A Buid support group claimed last week that a prominent independent film was recently shot on their lands without their express approval. The issue is controversial because the movie is a top contender in a major, upcoming, Filipino film festival.
The film, called “Brutus,” was directed by Tara Illenberger and filmed in Oriental Mindoro. It focuses on illegal logging done by Buid and Hanunuo youngsters in the mountains of the province. A YouTube trailer for the film shows, in addition to the gorgeous scenery, the kids illegally cutting trees on the mountainside, dragging them to a river, and rafting them down toward the lowlands.
Another YouTube video, “A Primer for Cinemalaya’s Brutus,” indicates that the movie title is taken from the name for a powerful motorcycle engine, and it is a metaphor for the power the youngsters will need when they attempt to control the raft on the river as they float their illegal logs down to a lowland buyer. The video emphasizes the danger of transporting the logs by river and the likelihood that the authorities will confiscate them when they reach the lowlands—before the children can sell them. Though the profits offered by the wood smugglers are tempting, the practice threatens the lives of the children and it destroys the forests on which the Buid depend.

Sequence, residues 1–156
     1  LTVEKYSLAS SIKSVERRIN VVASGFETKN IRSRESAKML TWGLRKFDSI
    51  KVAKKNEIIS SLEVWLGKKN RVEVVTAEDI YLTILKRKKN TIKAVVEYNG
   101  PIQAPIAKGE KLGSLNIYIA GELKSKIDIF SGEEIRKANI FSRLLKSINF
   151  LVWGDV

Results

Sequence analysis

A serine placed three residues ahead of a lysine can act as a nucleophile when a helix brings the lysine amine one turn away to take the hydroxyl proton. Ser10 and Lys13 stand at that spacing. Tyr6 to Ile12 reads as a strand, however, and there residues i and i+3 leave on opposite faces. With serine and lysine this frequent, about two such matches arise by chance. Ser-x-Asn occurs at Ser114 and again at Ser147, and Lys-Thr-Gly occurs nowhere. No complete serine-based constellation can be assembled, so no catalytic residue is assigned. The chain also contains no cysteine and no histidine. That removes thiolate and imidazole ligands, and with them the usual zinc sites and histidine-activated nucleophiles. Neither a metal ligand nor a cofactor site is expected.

According to a biographical sketch of the director, Tara Illenberger has produced at least 24 earlier full-length films and has won several major awards for her work. “Brutus” is one of ten finalists in the Cinemalaya Independent Film Festival in the Philippines, which is dedicated to developing and promoting independent Filipino movies. It runs from July 11 to July 20.
The release of the film has been challenged by Sadik Habanan Buhid, Inc., an organization that advocates for environmental, educational, and land ownership issues of the Buid people. The group has filed letters of complaint to the Cinemalaya Foundation, the Cultural Center of the Philippines, the National Commission for Culture and the Arts, and other groups that might be interested. It argues that the film was “shot on ancestral lands and featured the name and practices [of indigenous people] without securing the necessary permits.” The letter asks that the film should not be shown and that the scenes in the movie showing traditional practices on ancestral lands should be erased.
The chair of the Cinemalaya committee responsible for production and monitoring, Robbie Tan, took exception to the charges. Tan showed the press copies of letters signed by the Hanunuo and Buid Baranguay captains, both of whom gave their express permission for the shooting of the film. He indicated that talks between the filmmaker and the two Mangyan societies are ongoing, and he hopes that the issues can be resolved before the opening of the film festival.